Saturday, November 2, 2013

Shared and Different Voices

Jodie Gray writes "Shared and Different Voices". Trigger Warnings for abuse.

When I first found out about an autistic community made of Autistics adults, children, and teenagers who were actively involved in speaking for themselves and about their own lives - I was thrilled. I thought that this community held very many similar beliefs with each other, that the community was good and supported each other. I must admit that at this early time perhaps I even held a false truth that all autistics were great people. I mean I knew that Autistic people spoke in different ways- sign language, body movements, writing, typing, screaming, singing, talking, and others. I knew autistic people came from all different racial back grounds, and of all different religious beliefs. I believed out of some false hope that this community was without fault, and with acceptance for everyone in it.

When I was a teenager and first started taking to and meeting other Autistic teen and adults – I noticed the similarities and ignored the differences. I understood that Autistic people were more likely to be abused by others, but I also largely ignored that autistic people can also abuse others. Autistics can abuse themselves, Autistics can abuse others in their community. My then held illusion of perfection and being beyond challenging is now gone. I no longer believe that we're somehow beyond the challenges of all other people. We hurt others, we our hurt by others- both inside and outside of the autistic community. Sometimes we're accepting of some people, but not of some others.

In a world that already often silences people with disabilities from speaking about themselves- I feel that it's important we don't silence others ourselves. By all means- we shouldn't tolerate abuse or injustice from other people. I also will admit- I expect people who are for Neurodiversity to oppose a “cure” outlook on autism. Additionally, I believe that these people should oppose abusive and unsafe treatments. However, beyond those and a few other basic core ideas that I think it's important to drop other limitations to what it means to be autistic or an ally.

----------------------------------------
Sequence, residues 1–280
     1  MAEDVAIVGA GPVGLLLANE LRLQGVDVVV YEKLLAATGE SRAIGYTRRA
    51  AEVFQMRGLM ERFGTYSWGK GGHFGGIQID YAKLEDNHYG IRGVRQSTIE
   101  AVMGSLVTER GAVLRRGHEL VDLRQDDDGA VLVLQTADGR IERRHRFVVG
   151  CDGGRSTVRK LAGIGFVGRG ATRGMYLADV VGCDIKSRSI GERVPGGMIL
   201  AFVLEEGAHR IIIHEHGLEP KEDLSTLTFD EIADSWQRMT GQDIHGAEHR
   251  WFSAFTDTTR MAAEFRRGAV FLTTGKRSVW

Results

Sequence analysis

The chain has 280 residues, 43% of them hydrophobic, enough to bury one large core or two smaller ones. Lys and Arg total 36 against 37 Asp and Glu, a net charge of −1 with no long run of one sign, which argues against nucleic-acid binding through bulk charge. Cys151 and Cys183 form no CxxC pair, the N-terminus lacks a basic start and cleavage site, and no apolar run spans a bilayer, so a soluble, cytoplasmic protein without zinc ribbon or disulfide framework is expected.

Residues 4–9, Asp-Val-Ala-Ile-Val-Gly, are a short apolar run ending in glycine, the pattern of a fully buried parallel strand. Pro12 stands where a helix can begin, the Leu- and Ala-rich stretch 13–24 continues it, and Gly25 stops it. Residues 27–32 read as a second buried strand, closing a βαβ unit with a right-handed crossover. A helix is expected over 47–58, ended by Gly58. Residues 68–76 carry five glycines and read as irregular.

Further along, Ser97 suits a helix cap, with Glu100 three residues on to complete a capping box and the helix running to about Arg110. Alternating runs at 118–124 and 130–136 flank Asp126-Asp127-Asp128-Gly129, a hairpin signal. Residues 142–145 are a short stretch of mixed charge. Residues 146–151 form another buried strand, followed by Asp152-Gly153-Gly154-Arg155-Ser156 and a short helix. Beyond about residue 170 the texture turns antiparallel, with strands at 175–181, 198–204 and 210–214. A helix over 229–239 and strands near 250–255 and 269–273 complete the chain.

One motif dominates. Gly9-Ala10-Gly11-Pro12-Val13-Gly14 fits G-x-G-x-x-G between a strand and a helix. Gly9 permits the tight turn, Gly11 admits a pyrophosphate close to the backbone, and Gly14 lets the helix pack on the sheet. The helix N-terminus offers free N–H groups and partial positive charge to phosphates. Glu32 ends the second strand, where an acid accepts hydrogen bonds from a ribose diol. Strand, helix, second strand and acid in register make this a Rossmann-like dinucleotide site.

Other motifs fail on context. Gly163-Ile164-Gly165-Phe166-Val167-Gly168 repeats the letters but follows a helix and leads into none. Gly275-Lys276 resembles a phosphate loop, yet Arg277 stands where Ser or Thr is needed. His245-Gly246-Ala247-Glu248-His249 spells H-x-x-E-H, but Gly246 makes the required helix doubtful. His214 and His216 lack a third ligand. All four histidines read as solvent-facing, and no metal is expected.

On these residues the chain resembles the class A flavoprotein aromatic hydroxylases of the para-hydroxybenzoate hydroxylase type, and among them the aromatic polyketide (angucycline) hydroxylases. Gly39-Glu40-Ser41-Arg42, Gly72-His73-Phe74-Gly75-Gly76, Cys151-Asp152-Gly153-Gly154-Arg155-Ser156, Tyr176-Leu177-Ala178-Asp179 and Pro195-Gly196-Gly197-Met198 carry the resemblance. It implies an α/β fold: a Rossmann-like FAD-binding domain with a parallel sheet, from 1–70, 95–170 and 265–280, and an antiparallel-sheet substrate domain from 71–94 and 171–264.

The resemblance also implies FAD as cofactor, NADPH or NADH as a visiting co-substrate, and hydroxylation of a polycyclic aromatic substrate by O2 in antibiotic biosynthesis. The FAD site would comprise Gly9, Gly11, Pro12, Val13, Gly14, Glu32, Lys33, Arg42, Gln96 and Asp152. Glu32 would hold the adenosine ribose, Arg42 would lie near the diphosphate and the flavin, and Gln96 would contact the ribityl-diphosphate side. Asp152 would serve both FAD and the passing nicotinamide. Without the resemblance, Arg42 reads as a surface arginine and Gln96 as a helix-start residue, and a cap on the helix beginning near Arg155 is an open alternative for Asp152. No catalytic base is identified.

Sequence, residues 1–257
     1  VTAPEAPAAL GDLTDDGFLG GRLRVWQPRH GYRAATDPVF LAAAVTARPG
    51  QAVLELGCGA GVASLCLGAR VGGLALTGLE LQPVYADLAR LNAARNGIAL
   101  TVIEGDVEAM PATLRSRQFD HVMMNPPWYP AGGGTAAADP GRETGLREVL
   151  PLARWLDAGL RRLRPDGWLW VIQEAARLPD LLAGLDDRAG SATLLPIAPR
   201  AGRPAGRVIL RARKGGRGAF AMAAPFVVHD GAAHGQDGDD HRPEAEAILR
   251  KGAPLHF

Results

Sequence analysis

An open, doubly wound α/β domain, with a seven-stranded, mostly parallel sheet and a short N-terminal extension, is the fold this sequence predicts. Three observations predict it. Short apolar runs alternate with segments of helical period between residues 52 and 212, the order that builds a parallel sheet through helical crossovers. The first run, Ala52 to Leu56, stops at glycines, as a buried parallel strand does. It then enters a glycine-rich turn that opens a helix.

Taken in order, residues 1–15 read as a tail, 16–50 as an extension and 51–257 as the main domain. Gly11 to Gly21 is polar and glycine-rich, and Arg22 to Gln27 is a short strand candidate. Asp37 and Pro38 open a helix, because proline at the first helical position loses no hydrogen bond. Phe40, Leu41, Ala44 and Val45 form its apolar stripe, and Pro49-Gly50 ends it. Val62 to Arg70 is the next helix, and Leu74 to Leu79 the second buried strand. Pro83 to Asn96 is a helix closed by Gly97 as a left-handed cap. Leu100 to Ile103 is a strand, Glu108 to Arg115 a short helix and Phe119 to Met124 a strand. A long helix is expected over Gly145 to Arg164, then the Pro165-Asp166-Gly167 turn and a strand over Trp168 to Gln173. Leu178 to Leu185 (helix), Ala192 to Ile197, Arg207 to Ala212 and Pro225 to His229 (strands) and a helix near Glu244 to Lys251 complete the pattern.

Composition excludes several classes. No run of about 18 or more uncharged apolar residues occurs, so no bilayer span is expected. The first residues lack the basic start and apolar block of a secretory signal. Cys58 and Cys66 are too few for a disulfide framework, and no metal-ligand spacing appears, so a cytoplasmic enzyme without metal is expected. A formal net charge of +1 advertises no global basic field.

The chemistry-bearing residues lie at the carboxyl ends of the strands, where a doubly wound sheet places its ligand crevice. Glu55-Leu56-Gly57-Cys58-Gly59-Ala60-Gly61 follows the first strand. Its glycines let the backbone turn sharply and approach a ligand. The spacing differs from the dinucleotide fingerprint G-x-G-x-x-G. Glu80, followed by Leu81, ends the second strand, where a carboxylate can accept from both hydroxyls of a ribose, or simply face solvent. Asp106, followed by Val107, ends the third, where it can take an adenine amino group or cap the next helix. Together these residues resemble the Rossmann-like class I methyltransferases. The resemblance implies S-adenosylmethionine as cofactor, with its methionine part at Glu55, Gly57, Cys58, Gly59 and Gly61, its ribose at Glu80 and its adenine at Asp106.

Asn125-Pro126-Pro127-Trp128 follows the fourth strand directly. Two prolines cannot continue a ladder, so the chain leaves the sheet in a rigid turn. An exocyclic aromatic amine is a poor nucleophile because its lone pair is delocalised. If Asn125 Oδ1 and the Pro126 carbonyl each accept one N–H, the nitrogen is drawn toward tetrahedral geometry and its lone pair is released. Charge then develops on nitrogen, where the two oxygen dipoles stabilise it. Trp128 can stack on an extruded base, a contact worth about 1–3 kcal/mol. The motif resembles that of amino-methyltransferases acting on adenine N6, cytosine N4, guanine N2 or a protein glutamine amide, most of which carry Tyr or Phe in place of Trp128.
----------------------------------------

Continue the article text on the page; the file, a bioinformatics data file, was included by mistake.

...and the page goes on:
Most of the Autistic adults I know are agnostic or liberal Christian, and they vote democratically. These things should not be a requirement to be included in the community. Unfortunately - at times I've felt like these were almost requirements of being an Autistic adult, and should you disagree- you can find another community. I sincerely hope that this is not what the Autistic community becomes. I'd like to see a group of people who can support each other and unite in times of injustice, or when someone just needs somebody else to listen.

Autistics speak and it's time to listen. Let's try to listen to all of them- even if they vote differently (or not at all). I'm excited and enthusiastic about talking to other Autistics - especially the ones who have very different struggles and beliefs from that of the core majority of Autistics, and my own.

I want to know what other Autistics adults care about and how they think we can help bring about change in the worldwide outlook on autism.

I look forward to a day where a larger number of Autistics of all backgrounds are participating in Autistics Speaking Day. I'd like for people to know that Autistics are a diverse people even though they share some common features.

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